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Thankful for my farmer

Celebrating 25 years of marriage to my farmer.

Shelley E. Huguley, Editor

February 28, 2023

3 Min Read
Celebrating 25 years of marriage with my farmer. Courtesy of the Huguley Family

This month marks 25 years with my farmer. A quarter of a century as Mrs. Huguley. It’s amazing how much life changes in 25 years. We’ve always joked that we were a little late to the game. When we married, he was over 30 and I was in my late 20s, neither married before. We had our first child when I was 30 and our third when I was 38. I told him I wanted a fourth. He said he was too old, and it would have to be with my second husband, to which I countered, “I really like my first one.” We stopped at three.  


I never felt like an “older” mom until my Little’s kinder graduation. Several moms were decorating the stage when one asked what year I graduated from high school. I proudly told her 1989. That’s when two of the moms whipped around and informed me that was the same year they were born. That pretty much sucked the wind out of my sails!  

When my farmer and I first got engaged, I told him I wanted a summer wedding. He quickly informed me that unless I wanted my honeymoon on the tractor, I better choose a late-winter or early-spring celebration. I went with February and got a church wedding and the Bahamas instead of a John Deere.  

My farmer proposed to me in a field flush with white cotton bolls on our dearly loved homeplace. Dressed in his navy, short-sleeved cotton t-shirt and work-worn Wranglers (my favorite) he led me into the field and as he was telling me about the beautiful crop he was about to harvest, he secretly placed my engagement ring in a cotton boll. He then drew my attention to the boll. When I saw the ring, I screamed. (It’s a good thing he asked me in a field.) He then went down on one knee, asking if I’d be his forever. I gave a resounding yes!    

I still remember that moment like it was yesterday. I loved that the backdrop for his proposal was a crop he had grown with his own two hands in a field he fought hard to purchase and restore. He’s been fighting for me and our three kids ever since. I’m not sure I know a harder worker.  

Like farming, marriage and parenting are a lot of work. Communication is hard and conflict inevitable.  Resolution and relationship take time, commitment, love and forgiveness and a whole lot of God. I’m so thankful Christ is our foundation.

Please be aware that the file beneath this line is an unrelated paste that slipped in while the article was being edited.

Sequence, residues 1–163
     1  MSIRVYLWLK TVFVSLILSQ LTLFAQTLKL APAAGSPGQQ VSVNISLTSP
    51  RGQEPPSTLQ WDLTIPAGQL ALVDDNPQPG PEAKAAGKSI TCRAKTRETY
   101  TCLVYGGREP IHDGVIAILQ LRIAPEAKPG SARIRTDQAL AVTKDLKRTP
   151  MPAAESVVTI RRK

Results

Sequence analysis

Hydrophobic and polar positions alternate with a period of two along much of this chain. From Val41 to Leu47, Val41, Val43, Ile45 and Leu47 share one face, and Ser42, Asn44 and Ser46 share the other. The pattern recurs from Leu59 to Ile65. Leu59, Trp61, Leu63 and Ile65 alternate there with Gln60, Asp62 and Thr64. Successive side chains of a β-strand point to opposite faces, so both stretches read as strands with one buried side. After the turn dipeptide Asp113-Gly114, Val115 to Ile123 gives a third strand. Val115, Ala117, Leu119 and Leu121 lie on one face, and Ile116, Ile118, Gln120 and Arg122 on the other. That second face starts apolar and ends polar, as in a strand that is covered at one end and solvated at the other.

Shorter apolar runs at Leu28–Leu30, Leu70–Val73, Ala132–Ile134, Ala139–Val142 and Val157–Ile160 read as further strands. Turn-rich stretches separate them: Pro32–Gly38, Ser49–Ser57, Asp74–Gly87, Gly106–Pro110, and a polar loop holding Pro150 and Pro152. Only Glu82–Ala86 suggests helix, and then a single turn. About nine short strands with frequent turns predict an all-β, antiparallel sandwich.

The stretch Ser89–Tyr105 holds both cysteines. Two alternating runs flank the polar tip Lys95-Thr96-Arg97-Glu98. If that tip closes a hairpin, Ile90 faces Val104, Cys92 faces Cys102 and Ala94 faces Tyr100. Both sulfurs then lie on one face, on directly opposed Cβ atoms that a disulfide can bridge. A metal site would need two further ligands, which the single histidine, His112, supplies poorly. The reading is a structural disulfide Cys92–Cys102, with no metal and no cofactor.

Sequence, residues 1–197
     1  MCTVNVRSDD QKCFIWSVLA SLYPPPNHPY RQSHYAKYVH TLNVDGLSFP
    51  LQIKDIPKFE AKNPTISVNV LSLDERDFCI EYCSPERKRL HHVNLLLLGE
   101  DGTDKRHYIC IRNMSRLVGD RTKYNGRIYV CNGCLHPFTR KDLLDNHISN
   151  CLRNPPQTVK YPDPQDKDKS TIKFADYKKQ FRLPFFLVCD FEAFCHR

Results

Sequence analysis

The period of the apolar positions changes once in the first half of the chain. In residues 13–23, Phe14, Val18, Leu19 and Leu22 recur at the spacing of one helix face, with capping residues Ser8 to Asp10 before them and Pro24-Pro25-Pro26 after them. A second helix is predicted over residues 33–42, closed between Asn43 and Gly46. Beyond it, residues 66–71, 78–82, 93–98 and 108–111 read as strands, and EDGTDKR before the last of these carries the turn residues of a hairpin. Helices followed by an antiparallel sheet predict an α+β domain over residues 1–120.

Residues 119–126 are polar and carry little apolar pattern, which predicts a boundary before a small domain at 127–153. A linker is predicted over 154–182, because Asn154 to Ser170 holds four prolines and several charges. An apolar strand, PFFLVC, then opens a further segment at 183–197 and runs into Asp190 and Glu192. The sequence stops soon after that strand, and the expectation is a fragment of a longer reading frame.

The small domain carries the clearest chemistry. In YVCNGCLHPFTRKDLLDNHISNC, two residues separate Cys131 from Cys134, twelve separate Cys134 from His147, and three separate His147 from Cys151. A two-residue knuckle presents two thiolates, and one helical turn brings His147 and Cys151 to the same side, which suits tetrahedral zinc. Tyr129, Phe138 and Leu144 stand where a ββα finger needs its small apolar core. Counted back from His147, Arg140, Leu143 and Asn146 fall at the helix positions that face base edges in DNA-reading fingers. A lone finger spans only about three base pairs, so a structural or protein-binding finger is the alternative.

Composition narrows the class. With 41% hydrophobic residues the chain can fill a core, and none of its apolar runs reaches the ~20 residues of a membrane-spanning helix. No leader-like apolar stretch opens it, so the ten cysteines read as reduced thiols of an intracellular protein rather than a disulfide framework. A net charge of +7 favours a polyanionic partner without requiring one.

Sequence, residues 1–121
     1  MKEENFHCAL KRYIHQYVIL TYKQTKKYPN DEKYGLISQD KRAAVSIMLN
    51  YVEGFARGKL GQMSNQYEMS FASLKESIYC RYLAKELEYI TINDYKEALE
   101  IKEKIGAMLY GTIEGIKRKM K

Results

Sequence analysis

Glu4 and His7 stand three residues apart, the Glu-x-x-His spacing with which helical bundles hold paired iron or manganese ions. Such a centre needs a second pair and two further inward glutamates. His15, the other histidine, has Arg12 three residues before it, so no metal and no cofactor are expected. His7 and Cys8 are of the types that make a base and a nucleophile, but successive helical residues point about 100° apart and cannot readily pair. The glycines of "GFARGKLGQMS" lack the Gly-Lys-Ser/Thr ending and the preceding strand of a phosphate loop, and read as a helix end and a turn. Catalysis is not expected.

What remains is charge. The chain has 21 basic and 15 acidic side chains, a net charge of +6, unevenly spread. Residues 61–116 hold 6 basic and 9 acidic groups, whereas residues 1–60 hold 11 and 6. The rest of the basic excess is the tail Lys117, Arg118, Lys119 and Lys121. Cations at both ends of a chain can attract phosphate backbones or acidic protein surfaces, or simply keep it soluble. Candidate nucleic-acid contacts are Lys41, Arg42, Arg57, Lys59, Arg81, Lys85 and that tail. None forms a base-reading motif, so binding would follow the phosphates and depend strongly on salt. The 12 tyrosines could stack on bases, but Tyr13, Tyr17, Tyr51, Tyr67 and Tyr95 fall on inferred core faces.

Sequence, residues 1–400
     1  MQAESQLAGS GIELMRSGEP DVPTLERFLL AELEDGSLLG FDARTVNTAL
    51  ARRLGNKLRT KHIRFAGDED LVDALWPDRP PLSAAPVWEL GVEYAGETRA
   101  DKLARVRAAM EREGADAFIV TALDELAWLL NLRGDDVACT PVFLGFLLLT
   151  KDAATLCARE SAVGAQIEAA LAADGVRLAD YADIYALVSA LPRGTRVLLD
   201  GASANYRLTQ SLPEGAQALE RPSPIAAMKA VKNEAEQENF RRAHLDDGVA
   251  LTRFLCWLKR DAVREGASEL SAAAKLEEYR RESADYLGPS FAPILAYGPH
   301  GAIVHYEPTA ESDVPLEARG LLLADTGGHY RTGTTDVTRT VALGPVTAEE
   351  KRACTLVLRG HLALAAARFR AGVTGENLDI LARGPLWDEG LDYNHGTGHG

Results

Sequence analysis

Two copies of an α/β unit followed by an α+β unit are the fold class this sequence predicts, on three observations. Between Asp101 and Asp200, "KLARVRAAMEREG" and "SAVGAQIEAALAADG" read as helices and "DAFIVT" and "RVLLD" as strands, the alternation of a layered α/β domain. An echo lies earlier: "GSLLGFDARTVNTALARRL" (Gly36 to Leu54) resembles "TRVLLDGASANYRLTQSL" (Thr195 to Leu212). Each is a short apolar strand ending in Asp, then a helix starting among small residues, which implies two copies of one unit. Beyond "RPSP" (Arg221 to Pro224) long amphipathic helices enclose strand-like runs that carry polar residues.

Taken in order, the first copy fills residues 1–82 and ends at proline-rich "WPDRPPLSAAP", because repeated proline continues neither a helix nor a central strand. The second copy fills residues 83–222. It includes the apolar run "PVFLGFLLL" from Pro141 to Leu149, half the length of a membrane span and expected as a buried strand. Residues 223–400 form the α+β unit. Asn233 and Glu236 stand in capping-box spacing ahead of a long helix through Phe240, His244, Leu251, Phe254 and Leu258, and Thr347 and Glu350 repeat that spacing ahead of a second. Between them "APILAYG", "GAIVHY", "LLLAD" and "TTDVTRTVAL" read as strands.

My farmer is the planner. I shoot from the hip. He’s on time (or he used to be.) I’m typically late. He thinks of the consequences and the work required. I typically focus only on the fun. Together, through misunderstandings and compromise, frustrations and agreement, we make it work. I’m grateful my farmer loves me like he does! Happy Anniversary! I can’t wait for the next 25!  

About the Author(s)

Shelley E. Huguley

Editor, Southwest Farm Press

Shelley Huguley has been involved in agriculture for the last 25 years. She began her career in agricultural communications at the Texas Forest Service West Texas Nursery in Lubbock, where she developed and produced the Windbreak Quarterly, a newspaper about windbreak trees and their benefit to wildlife, production agriculture and livestock operations. While with the Forest Service she also served as an information officer and team leader on fires during the 1998 fire season and later produced the Firebrands newsletter that was distributed quarterly throughout Texas to Volunteer Fire Departments. Her most personal involvement in agriculture also came in 1998, when she married the love of her life and cotton farmer Preston Huguley of Olton, Texas. As a farmwife, she knows first-hand the ups and downs of farming, the endless decisions made each season based on “if” it rains, “if” the drought continues, “if” the market holds. She is the bookkeeper for their family farming operation and cherishes moments on the farm such as taking harvest meals to the field or starting a sprinkler in the summer with the whole family lending a hand. Shelley has also freelanced for agricultural companies such as Olton CO-OP Gin, producing the newsletter Cotton Connections while also designing marketing materials to promote the gin. She has published articles in agricultural publications such as Southwest Farm Press while also volunteering her marketing and writing skills to non-profit organizations such as Refuge Services, an equine-assisted therapy group in Lubbock. She and her husband reside in Olton with their three children Breely, Brennon and HalleeKate.

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